The Soronko Academy is training the next generation of tech entrepreneurs.

After opening its doors to aspiring coders in Ghana last year, the Soronko Academy is now aiming to introduce its curriculum to public schools across the country, according to CEO Regina Honu.

Located in Accra, the Soronko Academy is the first coding and human-centered design school for children and young adults in West Africa – and the latest in a long line of community-focused technology initiatives developed by Honu.

Speaking during a webcast hosted by ISACA last week, the Ghanaian entrepreneur detailed the success of the Tech Needs Girls project, which has now impacted 4,500 young females across the country and was recently exported to neighboring Burkina Faso.

“One of the challenges that we were having with this program is that we would have all these amazing coding workshops, but the girls would not be able to practice because they didn’t own a device,” explained Honu.

“We decided that we had to give more structure, so we set up the first coding academy. We have classes for children from five to 17 years old. It’s a safe space where they have access to devices and can keep coming to practice.”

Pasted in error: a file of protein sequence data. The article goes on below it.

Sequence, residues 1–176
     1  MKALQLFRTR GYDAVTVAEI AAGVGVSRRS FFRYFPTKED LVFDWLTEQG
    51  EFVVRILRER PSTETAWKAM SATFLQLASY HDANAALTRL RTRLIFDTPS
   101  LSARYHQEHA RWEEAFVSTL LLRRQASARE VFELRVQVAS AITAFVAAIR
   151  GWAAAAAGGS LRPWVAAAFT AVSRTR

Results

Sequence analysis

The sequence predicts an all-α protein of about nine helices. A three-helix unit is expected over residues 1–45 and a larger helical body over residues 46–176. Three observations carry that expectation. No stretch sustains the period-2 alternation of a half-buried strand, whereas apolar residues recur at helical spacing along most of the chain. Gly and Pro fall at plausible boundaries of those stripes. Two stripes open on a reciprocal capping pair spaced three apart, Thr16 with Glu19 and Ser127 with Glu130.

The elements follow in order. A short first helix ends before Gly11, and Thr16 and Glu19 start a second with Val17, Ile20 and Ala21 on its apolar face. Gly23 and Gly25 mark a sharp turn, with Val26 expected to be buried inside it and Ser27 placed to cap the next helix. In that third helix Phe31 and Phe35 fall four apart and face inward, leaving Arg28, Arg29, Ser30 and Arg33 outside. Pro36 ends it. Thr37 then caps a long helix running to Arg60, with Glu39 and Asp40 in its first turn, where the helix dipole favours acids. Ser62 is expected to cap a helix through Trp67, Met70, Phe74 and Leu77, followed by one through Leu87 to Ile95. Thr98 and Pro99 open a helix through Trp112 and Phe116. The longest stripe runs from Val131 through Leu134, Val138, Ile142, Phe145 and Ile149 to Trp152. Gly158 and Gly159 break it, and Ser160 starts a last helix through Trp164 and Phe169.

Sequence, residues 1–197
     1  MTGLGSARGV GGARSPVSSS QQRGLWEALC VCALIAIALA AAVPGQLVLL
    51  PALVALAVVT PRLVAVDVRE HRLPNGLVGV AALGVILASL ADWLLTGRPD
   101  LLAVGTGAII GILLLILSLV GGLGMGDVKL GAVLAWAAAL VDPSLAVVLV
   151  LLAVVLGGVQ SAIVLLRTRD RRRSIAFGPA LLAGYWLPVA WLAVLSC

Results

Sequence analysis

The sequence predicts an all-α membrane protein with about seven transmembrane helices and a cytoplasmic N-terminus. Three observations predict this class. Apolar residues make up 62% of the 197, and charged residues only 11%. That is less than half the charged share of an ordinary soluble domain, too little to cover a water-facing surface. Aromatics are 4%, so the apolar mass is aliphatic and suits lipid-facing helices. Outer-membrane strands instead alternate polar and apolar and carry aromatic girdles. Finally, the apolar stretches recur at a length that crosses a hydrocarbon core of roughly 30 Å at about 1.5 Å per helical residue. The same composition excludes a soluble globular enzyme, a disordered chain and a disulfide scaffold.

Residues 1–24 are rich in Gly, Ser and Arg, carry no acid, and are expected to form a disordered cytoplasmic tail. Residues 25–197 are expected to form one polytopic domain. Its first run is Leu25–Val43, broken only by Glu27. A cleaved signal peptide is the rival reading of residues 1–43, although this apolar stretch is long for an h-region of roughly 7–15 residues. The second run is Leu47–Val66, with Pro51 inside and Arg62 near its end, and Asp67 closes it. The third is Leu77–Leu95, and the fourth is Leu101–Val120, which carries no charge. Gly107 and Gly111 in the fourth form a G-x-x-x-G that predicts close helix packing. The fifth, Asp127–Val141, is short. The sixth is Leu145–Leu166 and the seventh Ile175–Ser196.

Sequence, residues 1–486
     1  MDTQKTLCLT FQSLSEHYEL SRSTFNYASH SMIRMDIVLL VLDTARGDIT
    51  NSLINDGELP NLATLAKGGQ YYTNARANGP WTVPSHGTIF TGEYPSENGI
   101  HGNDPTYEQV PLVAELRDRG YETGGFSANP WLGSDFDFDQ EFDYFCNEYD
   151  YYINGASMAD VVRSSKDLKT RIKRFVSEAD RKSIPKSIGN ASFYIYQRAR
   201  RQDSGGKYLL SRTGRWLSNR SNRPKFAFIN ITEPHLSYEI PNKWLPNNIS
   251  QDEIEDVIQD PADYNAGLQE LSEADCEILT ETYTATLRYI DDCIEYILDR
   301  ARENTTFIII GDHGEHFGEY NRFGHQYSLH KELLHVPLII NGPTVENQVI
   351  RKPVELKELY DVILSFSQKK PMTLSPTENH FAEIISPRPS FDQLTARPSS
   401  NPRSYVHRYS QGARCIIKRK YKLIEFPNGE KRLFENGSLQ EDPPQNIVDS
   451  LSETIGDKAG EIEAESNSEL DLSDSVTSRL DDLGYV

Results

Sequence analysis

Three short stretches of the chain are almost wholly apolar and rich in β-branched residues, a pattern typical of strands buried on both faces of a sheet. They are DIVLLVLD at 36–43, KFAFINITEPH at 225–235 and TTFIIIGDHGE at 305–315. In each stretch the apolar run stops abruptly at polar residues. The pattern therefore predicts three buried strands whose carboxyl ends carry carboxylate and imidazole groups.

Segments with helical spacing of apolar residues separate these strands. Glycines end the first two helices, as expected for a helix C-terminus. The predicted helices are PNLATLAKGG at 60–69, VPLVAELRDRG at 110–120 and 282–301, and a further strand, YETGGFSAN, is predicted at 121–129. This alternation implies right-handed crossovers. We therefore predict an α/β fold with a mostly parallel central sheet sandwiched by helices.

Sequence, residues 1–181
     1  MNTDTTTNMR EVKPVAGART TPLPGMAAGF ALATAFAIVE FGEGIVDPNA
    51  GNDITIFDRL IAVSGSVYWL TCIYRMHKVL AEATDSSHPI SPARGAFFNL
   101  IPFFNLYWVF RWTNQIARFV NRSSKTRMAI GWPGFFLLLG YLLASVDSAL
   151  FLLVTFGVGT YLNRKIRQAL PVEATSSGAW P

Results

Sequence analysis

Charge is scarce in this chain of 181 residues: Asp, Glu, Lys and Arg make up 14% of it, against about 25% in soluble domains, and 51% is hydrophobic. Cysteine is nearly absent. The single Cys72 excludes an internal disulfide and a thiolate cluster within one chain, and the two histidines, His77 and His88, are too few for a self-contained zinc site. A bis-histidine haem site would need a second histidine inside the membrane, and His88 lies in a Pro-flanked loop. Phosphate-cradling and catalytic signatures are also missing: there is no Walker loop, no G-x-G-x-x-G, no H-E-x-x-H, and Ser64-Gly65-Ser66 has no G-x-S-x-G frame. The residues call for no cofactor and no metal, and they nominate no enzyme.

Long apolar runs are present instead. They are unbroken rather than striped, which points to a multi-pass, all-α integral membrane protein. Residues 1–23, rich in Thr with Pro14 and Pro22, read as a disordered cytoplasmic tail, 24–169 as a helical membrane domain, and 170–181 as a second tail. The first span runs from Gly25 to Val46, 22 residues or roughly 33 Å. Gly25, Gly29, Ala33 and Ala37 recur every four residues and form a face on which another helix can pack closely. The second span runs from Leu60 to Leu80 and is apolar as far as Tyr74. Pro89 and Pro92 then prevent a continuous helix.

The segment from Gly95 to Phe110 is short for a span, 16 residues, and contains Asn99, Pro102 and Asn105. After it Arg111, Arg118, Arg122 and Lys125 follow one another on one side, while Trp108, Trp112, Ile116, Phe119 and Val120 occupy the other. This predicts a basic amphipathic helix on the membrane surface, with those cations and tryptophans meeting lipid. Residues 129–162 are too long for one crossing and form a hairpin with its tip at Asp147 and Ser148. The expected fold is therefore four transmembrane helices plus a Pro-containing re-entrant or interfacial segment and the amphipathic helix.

As she looks to develop on the success of the Soronko Academy, Honu said a new scheme is being piloted in a private school in Kumasi, where coding has been introduced as part of the curriculum.

“We are hoping that what we learn from the program will advance the curriculum,” she said. “We also hope that we can work with the government to scale to more schools.

“For us, what would be a great next step would be to get our curriculum into all public schools across Ghana so that we can reach out to more and more girls and more and more young people.”

“Technology is driving everything around us, and this is going to continue,” Honu added. “It’s essential that we get children and young girls interested in technology as early as possible.”


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